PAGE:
Abstract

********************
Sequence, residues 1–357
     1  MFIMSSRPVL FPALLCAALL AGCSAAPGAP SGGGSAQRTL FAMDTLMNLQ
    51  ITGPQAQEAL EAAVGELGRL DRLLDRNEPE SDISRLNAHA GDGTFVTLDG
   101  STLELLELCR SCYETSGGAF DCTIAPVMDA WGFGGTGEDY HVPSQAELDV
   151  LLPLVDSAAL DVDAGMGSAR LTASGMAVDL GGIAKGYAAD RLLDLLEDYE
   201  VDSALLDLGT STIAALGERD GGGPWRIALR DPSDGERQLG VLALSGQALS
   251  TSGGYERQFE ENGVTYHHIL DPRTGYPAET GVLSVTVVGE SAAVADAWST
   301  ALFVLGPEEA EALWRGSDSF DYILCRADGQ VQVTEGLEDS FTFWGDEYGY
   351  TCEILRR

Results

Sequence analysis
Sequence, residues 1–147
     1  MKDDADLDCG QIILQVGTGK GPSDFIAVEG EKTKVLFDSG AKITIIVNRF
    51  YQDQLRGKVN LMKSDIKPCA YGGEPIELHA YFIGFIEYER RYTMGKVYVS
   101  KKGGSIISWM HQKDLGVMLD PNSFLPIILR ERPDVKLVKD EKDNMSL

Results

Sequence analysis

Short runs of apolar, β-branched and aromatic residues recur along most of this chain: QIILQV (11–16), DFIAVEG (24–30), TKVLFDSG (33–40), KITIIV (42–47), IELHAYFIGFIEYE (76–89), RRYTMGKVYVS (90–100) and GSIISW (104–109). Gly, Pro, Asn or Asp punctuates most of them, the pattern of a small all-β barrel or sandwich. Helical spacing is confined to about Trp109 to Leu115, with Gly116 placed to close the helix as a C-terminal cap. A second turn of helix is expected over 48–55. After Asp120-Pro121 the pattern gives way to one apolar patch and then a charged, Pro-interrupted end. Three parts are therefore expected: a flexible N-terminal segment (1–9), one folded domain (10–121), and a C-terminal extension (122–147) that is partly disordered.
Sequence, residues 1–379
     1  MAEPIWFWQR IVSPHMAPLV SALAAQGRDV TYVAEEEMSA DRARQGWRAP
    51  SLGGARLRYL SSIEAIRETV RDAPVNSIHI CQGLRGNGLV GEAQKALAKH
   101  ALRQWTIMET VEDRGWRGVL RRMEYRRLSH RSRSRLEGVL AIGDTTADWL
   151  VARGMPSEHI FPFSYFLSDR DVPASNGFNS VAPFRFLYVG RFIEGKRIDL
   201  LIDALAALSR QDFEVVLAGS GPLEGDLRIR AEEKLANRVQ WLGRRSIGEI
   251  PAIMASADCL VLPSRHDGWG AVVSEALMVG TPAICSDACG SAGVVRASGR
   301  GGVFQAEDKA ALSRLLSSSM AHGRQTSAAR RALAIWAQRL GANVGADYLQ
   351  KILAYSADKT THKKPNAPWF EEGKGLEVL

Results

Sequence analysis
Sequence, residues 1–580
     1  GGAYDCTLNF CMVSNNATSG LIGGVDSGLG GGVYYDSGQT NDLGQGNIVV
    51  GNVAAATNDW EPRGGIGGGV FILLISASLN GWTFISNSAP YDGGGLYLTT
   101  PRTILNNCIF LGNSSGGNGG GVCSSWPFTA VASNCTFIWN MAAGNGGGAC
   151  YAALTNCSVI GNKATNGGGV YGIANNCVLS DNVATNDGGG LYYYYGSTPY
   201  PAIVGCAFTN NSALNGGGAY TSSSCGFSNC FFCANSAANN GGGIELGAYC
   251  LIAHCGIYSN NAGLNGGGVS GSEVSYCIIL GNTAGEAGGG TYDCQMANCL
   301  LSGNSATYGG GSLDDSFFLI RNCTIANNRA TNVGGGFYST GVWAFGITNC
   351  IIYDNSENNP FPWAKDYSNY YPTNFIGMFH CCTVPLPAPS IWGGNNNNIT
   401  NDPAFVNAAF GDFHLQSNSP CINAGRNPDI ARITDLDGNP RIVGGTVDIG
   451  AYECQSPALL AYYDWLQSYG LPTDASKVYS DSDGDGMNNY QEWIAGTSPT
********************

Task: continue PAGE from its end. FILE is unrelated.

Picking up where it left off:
The distribution, physical development, pelage, dentition, feeding behavior, reproduction, causes of mortality, and population structure of the Pacific walrus (Odobenus rosmarus divergens) were studied intermittently from 1952 to 1979. In winter, these animals tend to concentrate in north-central and southeastern Bering Sea, where sea ice conditions are most favorable for them. In summer, they concentrate mainly in northwestern and northeastern Chukchi Sea, along the edge of the ice. Most of the northward migrants are females and young; a large proportion of the adult males remains in the Bering Sea throughout the summer. Pacific walruses show strong sexual dimorphism; adult males are about 18% longer and 45% heavier and tend to have larger, more divergent tusks, as well as thicker, lighter-colored, and less hairy skin than adult females. As in other sexually dimorphic otarioid pinnipeds, males undergo secondary growth, beginning about the time of puberty and ending in full physical maturity about 15 years of age. The first pelage is a fine, white lanugo, which develops and is shed in utero. The second (natal) pelage, which resembles that of the adult, is shed and replaced 2 to 3 months after birth, in synchrony with the molt of older animals. The full primary and secondary dentitions include 38 and 30 teeth, respectively; 7 pairs of primary and 6 pairs of secondary teeth occur in less than 50 % of the animals. The permanent first upper premolar is a secondary tooth, preceded by an uncalcified primary tooth. The lower premolars appear to be homologues of P2-3-4, rather than P1-2-3. The cheek teeth grow in length very slowly, and the pattern of decrement of their crowns indicates no contact with molluscan shells except in the incisive area at the front of the mouth. The abrasion of the tusks indicates that they are dragged through the bottom sediments, rather than used for digging or raking. Food of the Pacific walrus consists of more than 60 genera of marine organisms, most of which are situated on or just beneath the surface of the sediments. The walrus apparently locates these tactually with its sensitive mystacial vibrissae and by “rooting” with its snout. Soft-bodied organisms are ingested directly, without mastication; the soft parts (siphon, foot) of mollusks probably are separated from the shells by suction. The intake of food is at least 5 to 7% of the total body weight per day. Most females ovulate for the first time at 5 or 6 years; males become fertile at 8 to 10 years but probably do not participate in mating until fully mature at 15 years. Walruses are polygynous; mating takes place mainly in mid-winter. Implantation of the blastocyst takes place about 5 months later, and the calf is born in the following spring, after a pregnancy lasting at least 15 months. Females tend to breed at 2-year intervals or less often and are most productive between the ages of 8 and 15 years. The principal causes of mortality appear to be predation, intraspecific trauma, and microbiological infections. The Pacific walrus population was severely depleted in the late 19th century and again in the mid-20th century by overharvests for commercial purposes. Over the past 20 years, it apparently has recovered rapidly, in response to reduced harvest. The sex ratio of breeding adults appears to be about 1 male:3 or 4 females. The crude birth rate in recent years is estimated at 17 ± 2%, and the survival of young to puberty appears to be very high.

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